Recently yet another article was posted that compares the price of charging an EV compared to an equivalent gasoline or diesel vehicle.
But, is it true or has the author mined the depths for the highest quality manure? Well, from the smell wafting upon the wind, it seems the truth isn’t to be found here.
Certainly many EV owners would dispute the premise that charging is more expensive than purchasing gasoline. But, do we have proof? Well, perhaps all I can do is present my own experience. Before getting a Bolt EUV I had a 2019 Equinox. The two are somewhat comparable in terms of capacity but the Equinox is a little larger. My Bolt EUV is a 2022 and the 2022 Equinox is rated at 28 MPG combined city/highway. If we give it a few more MPG because the EUV is a little smaller we could round that up to 30 MPG. So, how much gasoline does it take to go 100 miles like they used in the article? It takes 3.33 gallons. Right now gasoline is about $3.79 in Michigan. So, the cost would be 3.33 * 3.79 = $12.62. The Bolt EUV averages about 3.8 miles per Kilowatt/Hour. So 100 / 3.8 = 26.32kwh used. Charging isn’t quite 100% efficient so let’s round that up to 28kwh to charge it back up after 100 miles.
Electricity is 14.5 cents per kwh at night for me and and average of about 18 cents when not charging late at night. So, let’s go for broke and use the higher 18 cents per kwh. 28 * 0.18 = $5.04 to charge the Bolt. The gasoline is 2.5 times more expensive. But, the article claims that charging isn’t such a good deal. What gives? Well, the people who generated the data were sneaky weasels, that’s what. They add in the price of the charger and the extra money you might pay with your vehicle registration. Now, this is somewhat fair, quite a few states (like Michigan where I’m from) do charge extra for EVs. Michigan is on the high end at $135 per year. I cannot express my absolute joy about this fact. I wait with bated breath for my registration to come due. But, I also drove about 13,500 miles last year. So, my registration surcharge adds about $1 for every 100 miles. This still makes EV charging $6.04 as compared to $12.62 for gasoline. But, what about the charger? Well, I bought a $700 charger (well, they are really EVSEs not chargers. The charger is in the car but I digress…) and the local power company gave me $500 back. So, I paid $200 for the charger. I also installed it myself and paid something like $60 for permits. Total out of pocket was still only around $300 to $350. And, I only have to do this once. You don’t really have ongoing maintenance on an EVSE. It’s supposed to just work for years on end. Let’s say it lasts me at least 5 years. So, about $70 per year and $0.51 over 100 miles for me. Now we’re up to $6.55 for 100 miles with my Bolt. This is still only about half the cost of gasoline. And, the authors of the study seem to have forgotten that I will not be getting oil changes either. The equinox needs an oil change around every 10k miles and such an oil change is around $100. So, in 100 miles of driving the Equinox costs $1 extra for oil changes. That brings the gap even larger again.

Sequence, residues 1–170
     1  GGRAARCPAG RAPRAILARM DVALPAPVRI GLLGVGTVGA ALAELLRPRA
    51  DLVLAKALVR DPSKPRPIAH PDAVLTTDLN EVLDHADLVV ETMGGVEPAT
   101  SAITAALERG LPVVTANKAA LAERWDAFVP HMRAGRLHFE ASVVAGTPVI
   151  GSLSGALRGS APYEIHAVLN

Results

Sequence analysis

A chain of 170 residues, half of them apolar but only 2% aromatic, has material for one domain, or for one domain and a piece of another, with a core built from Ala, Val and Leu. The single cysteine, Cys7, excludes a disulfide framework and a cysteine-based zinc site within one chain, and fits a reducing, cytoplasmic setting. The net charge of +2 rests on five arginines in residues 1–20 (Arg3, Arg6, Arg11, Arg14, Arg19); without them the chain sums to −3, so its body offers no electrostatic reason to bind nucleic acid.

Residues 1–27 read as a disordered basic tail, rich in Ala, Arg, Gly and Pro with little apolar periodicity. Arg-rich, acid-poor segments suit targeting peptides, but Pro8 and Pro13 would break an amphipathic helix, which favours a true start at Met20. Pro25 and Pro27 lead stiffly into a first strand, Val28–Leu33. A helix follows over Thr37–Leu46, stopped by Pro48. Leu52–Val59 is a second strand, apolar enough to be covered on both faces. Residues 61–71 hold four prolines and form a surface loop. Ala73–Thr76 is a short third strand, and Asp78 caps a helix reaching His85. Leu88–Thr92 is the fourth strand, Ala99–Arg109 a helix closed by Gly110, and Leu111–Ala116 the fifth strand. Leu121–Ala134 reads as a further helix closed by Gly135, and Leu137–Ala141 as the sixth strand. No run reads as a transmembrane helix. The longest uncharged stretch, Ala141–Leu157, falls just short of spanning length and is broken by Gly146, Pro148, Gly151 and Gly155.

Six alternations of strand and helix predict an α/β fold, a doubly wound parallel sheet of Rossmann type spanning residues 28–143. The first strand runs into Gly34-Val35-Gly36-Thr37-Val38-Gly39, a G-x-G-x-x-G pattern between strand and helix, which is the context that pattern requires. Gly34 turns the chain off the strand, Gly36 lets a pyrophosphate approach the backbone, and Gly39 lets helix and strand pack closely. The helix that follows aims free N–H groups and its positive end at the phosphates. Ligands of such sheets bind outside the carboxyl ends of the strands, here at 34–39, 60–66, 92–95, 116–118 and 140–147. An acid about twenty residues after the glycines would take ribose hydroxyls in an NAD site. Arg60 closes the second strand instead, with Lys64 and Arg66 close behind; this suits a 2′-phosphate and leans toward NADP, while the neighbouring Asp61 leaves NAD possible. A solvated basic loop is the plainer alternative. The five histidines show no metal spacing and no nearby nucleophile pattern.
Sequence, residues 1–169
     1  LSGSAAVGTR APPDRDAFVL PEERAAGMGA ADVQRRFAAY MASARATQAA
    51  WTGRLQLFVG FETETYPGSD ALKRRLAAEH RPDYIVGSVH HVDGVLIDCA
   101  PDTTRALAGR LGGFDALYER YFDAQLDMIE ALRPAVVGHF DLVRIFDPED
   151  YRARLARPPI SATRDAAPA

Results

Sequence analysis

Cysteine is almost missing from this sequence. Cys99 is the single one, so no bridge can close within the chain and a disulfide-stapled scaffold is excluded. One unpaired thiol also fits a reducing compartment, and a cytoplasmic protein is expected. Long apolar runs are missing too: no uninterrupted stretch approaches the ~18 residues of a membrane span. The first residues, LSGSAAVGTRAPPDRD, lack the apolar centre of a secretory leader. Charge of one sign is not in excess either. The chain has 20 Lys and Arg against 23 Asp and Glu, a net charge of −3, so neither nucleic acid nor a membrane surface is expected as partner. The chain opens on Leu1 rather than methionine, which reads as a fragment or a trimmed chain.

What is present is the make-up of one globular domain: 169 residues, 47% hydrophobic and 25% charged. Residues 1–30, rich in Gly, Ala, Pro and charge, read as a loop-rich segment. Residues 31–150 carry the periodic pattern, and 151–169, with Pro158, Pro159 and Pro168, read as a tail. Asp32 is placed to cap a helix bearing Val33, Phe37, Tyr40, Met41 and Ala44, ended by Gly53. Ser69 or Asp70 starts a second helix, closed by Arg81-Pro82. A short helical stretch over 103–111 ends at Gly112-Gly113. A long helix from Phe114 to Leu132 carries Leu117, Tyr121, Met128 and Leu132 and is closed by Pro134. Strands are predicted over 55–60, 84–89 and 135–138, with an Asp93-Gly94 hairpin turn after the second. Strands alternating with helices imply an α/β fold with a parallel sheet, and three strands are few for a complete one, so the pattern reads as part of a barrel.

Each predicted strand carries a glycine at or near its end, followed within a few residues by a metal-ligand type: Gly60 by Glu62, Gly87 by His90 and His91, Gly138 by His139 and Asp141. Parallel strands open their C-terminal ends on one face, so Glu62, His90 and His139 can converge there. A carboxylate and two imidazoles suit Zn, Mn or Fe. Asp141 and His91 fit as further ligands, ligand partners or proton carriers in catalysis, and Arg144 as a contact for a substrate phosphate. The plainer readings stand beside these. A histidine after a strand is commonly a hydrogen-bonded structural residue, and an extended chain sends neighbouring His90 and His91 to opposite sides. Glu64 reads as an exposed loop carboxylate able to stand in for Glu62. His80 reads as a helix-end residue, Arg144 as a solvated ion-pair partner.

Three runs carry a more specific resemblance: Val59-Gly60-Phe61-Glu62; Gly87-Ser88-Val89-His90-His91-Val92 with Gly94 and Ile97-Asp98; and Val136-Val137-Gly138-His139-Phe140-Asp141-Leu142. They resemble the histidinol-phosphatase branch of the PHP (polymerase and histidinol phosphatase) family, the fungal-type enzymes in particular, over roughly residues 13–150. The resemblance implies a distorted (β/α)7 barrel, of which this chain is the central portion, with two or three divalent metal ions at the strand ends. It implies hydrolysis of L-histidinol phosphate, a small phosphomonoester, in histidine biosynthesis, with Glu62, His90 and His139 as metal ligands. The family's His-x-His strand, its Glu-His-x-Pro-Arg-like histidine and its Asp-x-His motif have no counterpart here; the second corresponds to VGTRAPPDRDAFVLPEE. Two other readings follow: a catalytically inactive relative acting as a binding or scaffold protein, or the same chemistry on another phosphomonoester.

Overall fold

In truth, it is possible to add little gotcha fees on either side. But, the reality is that charging at your home is EXTREMELY cheap compared to gasoline. This doesn’t really change whether you’re driving a truck or a small car. Any way you go, at home charging is cost effective. In my case, I can pay around 14-18 cents per kwh. Some people have 8c rates, some have 30c rates. Even at 30c it is still cheaper to charge than buy gasoline. Best of all, electricity does not hinge on the demands of oil sheiks half a world away.
Now, public charging is potentially a different story. Some fast chargers will charge about $0.48 per kwh. That makes 100 miles 28 * 0.48 = $13.44. If I take this plus my registration fees (but not adding my charger because I’m not using it in this case) we get $14.44 for level 3 fast charging. The equinox would still need an oil change so taking the $12.62 + $1 for oil we get $13.62 for the Equinox. Is the Equinox cheaper in this case? Yes, yes it is. But, I’ve fast charged only about 10 times total in 15 months and that includes a 1400 mile trip around the midwest. It is no exaggeration to say that 95% or greater of my charging is done at home or at my parents’ business. Best of all, I’m so bright that they call me Sun and they don’t charge me for the use of the chargers on the building. The best kind of charging is the kind that someone else is paying for.
I find it very unfortunate that articles like the one I linked to exist. It seems their only point is to try to discourage adoption of electric vehicles by scaring people with very slimy figures. However, maybe it’s not all bad. People don’t commission
lies studies like this unless they fear the competition. After all, if you’re at the top of your game there’s no need to worry yourself about anyone else. You’re the best! But, if the competition is heating up you need to nip it in the bud before it becomes a troublesome thorn bush. So, maybe it’s good that we’re starting to be a thorn in the side of the oil industry.